So to be straight with you dear reader, right off the bat, mine is no challenging yet ultimately life-affirming story of a young girl finding her path in the world, helped along by the responsibility of caring for a gaggle of motherless geese. Wait, no, that’s Fly Away Home.
But my point is, I don’t really have a story to tell about why I became a feminist, for a very simple reason: for as long as I can remember I have always been one. As in, I have always positively self-identified as a feminist, not just possessed a subconscious, half-formed affinity for a notion that actually yes, equality between the sexes, would be quite nice.
Nope, just ask any of my long-suffering primary school peers (or my somewhat bemused teacher), who were faced with an 8 year-old me gunning for ‘Women’s Rights!’ (exclamation mark necessary) as the topic for one of our occasional class debates at the back end of a Friday afternoon.
Partly due to the sterling example of my beloved mater - who, I kid you not, as a student had a (somewhat ironically, hand-stitched) sign above her bed reading ‘Men the enemy; women the oppressed’ - and partly due to my early love of classic fiction - Elizabeth Bennett, Jo March or Margaret Hale as heroines more for their wit, ambition or strength than looks or feminine charm - from an early age I was not only aware that women had been dealt a pretty bum deal in this world, actually knew where I stood on that issue. And that was firmly with the protagonists of the ‘Feminist Stories for Children’ book my mother had given me: women were the equal of men, and should be treated as such.
Until recently I always felt slightly embarrassed by this fact, this lifelong attachment to the cause. I would always demur and joke that ‘I was a strange child’ whenever my sisters or old school friends brought up incidents of my outspoken enthusiasm for the feminist cause. I would brush over these reminisces and quickly change the subject. But then, I asked myself, why should I feel embarrassed by the fact that I had always been aware of and indignant about gender power imbalances? Is this all part of the insidious way our culture conditions us as women to feel stupid when we speak up about something, that we’re making a fuss over nothing, that we can’t really understand the real issues?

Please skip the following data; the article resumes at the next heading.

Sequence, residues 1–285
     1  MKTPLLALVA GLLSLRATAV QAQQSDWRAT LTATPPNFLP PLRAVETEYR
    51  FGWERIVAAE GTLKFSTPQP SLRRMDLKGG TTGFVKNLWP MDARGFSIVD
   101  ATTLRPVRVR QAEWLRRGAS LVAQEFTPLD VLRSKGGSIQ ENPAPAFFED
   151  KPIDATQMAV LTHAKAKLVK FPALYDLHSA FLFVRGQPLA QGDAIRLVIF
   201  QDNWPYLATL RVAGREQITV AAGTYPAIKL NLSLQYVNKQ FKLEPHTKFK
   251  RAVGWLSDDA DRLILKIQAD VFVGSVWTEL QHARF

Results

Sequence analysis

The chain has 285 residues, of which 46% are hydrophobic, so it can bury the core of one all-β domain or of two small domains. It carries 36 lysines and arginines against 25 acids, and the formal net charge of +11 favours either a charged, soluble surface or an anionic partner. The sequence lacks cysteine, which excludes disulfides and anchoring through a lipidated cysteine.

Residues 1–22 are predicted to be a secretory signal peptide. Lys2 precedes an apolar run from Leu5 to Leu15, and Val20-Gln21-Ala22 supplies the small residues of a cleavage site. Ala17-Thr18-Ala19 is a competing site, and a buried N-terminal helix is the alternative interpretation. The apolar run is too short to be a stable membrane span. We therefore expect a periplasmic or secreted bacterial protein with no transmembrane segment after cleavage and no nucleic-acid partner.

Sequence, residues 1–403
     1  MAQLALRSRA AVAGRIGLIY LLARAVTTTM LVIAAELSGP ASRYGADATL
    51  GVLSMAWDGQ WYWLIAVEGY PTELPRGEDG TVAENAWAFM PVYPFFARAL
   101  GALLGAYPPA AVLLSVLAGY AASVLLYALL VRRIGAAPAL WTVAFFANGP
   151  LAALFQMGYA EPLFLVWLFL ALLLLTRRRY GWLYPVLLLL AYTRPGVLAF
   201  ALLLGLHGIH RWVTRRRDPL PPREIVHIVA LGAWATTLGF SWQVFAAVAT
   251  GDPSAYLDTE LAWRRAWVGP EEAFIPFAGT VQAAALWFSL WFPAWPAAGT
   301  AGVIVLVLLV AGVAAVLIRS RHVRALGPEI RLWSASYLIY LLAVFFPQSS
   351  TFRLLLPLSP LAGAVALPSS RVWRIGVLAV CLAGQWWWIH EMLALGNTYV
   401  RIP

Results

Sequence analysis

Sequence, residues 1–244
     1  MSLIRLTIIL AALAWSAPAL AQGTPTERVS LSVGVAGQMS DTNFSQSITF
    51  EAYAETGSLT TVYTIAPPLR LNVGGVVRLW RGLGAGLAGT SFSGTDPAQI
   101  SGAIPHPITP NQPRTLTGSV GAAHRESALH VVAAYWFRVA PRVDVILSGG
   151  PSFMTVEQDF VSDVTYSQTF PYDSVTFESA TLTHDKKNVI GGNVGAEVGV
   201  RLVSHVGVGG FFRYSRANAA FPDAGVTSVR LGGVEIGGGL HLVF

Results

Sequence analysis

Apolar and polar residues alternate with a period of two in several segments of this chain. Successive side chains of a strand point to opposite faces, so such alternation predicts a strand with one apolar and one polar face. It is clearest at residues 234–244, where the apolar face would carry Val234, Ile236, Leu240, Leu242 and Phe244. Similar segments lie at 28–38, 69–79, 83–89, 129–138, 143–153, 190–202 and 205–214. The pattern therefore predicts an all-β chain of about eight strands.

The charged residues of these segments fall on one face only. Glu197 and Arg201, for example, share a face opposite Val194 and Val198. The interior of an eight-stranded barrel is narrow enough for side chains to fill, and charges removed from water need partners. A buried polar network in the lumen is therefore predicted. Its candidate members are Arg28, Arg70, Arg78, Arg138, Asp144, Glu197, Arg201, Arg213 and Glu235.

Rather, what we should strive for in the future is to make my experience, of growing up aware of feminist issues and desirous to make the world a more equal change, the norm rather than the exception. Of course, the ultimate ideal society is one in which no-one has to think in this way about gender, because we will have achieved something like real parity. However, in the meantime, while there is still work to be done, every little girl should grow up knowing both the challenges life may throw at her, and yet also be given the tool, in feminist argument and campaigning, to feel she is an agent of change rather than powerless. We should proudly identify ourselves as feminist by default rather than exception.